"CT scan of the abdomen shows the patient to have multiple bilateral, too numerous to count, liver lesions consistent with widespread liver metastases."

My jaw dropped as I read the report.  My vision blurred.  The world before my eyes spun and came to a standstill. Reeling, I fumbled for a bench outside near a sign which proclaimed, "There is Always Hope."

I had woken up feeling laid-back,  looking forward to the father-daughter school dance that evening.

I had a CT-scan the day before, the final requirement to enter my planned immunotherapy clinical trial, but didn't worry about it. My disease — metastatic colon cancer — has been slow growing and predictable for five years.

No more.

I learned that my liver had exploded with new tumors. Too many to count.  Some quite large. I knew what this meant.  A much more aggressive disease in an essential organ – the type of situation that screamed, life-threatening.  Near-term life threatening.

My oncologist and I reviewed the images together.  My liver looked like Swiss cheese covered in large spots, including a few that were dangerously circling around my biliary duct.  If they grew just a bit more and blocked that duct, an emergency stent operation would be needed.  If that didn't work ... Game over.

All at once, I had gone from excited newcomer to a clinical trial of an exciting immunotherapy, to a possible game-over.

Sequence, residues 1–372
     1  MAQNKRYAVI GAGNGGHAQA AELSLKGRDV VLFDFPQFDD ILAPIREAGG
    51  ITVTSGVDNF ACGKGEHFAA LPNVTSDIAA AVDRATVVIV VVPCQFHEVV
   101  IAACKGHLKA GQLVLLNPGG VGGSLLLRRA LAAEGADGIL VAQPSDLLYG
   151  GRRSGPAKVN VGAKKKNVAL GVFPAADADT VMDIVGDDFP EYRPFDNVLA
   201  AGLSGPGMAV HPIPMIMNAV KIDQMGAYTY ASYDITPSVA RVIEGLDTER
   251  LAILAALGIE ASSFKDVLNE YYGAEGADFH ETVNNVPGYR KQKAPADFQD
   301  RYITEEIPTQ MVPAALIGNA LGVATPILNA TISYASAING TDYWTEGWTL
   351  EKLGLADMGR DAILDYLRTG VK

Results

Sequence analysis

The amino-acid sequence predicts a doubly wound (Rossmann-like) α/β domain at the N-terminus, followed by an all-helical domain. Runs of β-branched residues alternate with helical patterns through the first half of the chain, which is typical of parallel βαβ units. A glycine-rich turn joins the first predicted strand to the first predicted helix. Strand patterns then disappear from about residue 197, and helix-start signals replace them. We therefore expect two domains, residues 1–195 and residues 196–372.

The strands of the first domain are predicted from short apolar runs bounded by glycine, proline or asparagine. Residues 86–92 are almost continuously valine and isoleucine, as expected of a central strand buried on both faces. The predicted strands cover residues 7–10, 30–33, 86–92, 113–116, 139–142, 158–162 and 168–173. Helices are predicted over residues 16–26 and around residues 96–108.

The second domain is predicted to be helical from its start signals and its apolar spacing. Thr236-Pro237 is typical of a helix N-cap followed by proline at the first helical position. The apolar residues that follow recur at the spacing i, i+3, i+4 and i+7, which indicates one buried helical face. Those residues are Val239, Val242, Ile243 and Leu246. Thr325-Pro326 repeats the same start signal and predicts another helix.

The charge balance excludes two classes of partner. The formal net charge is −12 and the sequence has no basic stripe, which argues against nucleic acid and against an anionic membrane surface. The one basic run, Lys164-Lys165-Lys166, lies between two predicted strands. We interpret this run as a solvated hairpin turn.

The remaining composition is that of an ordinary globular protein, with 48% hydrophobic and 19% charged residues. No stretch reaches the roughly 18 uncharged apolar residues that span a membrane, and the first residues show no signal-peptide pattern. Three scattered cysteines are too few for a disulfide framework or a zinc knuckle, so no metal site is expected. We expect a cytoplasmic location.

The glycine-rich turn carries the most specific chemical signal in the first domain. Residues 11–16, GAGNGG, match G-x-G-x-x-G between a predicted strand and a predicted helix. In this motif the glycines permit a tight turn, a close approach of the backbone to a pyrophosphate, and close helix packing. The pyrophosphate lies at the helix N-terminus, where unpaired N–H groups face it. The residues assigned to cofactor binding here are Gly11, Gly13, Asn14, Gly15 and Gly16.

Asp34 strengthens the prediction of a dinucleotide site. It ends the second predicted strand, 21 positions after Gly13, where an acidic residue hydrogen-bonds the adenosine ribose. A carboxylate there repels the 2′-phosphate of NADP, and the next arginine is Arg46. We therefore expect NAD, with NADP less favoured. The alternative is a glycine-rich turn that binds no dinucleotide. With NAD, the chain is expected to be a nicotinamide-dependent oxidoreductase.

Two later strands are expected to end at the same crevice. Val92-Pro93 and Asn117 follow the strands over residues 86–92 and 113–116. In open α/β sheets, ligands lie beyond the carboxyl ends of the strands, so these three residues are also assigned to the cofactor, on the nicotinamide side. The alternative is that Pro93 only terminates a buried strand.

Welcome to the crazy rollercoaster world of Stage IV cancer.  A world where you are constantly being scanned, each new scan a game of Russian roulette.  This is why "scanxiety" is very real.  My entire life changed with this single scan.

Even before my oncologist spoke, I had already come to the same conclusion: Immunotherapies are slow, chemotherapy is fast.  Stop the clinical trial.  Get on chemotherapy that very day.

I had no time to lose.

I was disappointed by the clinical trial being abruptly postponed until my liver is under control. Yet even more, I felt determined ready to fight for my life by any means necessary.

As a Stage IV patient you learn to react to new data on a dime.  I was in that chemotherapy infusion room to save my life, get my liver ready for a future clinical trial and fight on.

Further battle hardened and ready to take that homerun swing.

Yes, I did make it to that father-daughter dance.  We had a great time.

There is always hope.

Dr. Tom Marsilje is a 20-year oncology drug discovery scientist with "currently incurable" stage IV colon cancer. He also writes a personal blog on life at the intersection of being both a cancer patient and researcher "Adventures in Living Terminally Optimistic," a science column for Fight Colorectal Cancer "The Currently Incurable Scientist", and posts science and advocacy updates to Twitter@CurrentIncurSci. This guest column appears on Diagnosis: Cancer through our partnership with Inspire, an Arlington, Va., company with condition-specific online support communities for over a million patients and caregivers.

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